Bank customers will be able to use their complete transaction histories from July 1 next year to get a better deal on savings accounts and credit cards in a gradual introduction of the open banking regime, which challengers say will put downward pressure on borrowing costs.
The government has accepted the banks’ argument for a phased-in approach to adding products to the regime, but has insisted on quicker timeframes than the banks had been arguing for. Treasurer Scott Morrison described the establishment of the new regime as a “challenging but realistic timeframe” for the big banks.
FinTech Australia, which represents start-ups, and the Australian Banking Association welcomed the government’s acceptance of the recommendations of the recent Farrell review, which created a data-transferring regime to give consumers greater access to, and control over, their data. It will allow accredited third parties to receive banking data when customers provide express consent for it to be used for a specific purpose.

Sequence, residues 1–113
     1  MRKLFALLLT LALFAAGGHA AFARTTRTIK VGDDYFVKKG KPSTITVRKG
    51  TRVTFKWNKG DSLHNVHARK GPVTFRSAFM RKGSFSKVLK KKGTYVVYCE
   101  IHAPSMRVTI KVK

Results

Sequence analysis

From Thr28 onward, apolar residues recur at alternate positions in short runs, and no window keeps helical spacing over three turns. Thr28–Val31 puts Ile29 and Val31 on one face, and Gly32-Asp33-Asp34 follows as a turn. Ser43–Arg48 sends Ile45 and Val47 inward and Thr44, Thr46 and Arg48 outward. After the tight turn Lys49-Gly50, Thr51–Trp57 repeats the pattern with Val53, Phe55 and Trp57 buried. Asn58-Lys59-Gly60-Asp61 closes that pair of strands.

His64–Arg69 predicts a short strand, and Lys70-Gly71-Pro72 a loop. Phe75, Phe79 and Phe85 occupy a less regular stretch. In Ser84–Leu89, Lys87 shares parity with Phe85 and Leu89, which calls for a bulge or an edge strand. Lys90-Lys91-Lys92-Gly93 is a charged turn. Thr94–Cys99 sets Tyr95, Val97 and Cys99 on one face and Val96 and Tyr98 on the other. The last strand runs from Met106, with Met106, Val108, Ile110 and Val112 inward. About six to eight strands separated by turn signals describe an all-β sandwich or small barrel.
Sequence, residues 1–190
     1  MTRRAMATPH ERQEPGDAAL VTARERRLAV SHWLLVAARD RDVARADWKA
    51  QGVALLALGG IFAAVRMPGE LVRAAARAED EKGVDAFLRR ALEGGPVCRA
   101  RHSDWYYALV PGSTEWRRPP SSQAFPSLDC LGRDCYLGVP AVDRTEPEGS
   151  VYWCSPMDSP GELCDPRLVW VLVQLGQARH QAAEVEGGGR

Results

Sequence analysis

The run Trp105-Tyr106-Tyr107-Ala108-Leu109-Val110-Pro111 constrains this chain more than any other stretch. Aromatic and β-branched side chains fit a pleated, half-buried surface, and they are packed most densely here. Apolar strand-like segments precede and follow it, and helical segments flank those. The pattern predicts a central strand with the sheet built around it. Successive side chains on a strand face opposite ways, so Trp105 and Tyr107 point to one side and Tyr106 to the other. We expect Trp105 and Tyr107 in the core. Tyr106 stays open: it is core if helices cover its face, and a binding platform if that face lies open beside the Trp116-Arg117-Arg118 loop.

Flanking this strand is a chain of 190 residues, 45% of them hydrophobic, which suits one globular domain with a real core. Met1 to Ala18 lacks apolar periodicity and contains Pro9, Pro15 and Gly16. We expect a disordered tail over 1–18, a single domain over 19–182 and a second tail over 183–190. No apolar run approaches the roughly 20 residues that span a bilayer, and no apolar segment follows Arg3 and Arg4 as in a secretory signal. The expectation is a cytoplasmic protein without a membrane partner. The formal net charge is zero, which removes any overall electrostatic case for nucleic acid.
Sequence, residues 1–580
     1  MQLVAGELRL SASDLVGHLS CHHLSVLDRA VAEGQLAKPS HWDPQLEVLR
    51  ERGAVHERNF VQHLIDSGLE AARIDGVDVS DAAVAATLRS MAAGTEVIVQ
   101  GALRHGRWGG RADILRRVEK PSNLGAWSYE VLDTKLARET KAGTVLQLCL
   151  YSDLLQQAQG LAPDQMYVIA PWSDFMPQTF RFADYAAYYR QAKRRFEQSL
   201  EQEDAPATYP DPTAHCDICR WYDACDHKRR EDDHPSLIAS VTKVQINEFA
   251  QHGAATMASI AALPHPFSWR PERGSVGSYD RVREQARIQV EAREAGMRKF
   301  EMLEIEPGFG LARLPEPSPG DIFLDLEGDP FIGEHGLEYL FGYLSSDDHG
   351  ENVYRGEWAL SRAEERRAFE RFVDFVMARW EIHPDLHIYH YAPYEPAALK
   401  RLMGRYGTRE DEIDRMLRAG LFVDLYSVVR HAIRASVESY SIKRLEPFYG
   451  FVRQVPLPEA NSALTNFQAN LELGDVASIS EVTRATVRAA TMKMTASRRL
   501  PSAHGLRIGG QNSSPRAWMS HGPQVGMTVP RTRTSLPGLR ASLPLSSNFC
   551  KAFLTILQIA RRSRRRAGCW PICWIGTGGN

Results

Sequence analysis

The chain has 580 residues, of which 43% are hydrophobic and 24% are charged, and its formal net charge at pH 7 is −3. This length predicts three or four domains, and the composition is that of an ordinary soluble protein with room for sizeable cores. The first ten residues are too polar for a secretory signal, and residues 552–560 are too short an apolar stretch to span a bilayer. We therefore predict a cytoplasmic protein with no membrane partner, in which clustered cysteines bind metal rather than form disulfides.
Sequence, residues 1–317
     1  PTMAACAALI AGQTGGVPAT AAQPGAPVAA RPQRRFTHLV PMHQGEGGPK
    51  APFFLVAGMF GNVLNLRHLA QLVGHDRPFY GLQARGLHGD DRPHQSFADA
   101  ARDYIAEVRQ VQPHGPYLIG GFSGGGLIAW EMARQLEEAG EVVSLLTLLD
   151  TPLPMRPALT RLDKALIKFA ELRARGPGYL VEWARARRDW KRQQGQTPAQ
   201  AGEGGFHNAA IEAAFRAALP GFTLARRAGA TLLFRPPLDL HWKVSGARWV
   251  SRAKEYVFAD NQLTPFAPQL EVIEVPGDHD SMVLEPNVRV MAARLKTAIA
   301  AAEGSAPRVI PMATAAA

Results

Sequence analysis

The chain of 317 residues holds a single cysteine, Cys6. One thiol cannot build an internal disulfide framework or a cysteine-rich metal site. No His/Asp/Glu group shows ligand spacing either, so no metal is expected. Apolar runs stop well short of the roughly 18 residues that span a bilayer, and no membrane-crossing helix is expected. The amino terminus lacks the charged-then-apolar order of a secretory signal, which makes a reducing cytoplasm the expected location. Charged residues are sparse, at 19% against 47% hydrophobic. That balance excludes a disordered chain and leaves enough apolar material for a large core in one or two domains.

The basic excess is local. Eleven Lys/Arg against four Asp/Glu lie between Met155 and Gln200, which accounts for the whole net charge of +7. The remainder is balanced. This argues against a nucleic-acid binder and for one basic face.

All the major banks will have to make credit and debit card, deposit and transaction account data available by July 1 next year, and mortgages by February 1, 2020. Personal loans and all other banking data will be included from July 2020, the government said on Wednesday. The regime will apply to consumers and business. All remaining banks will have an extra 12 months for each phase.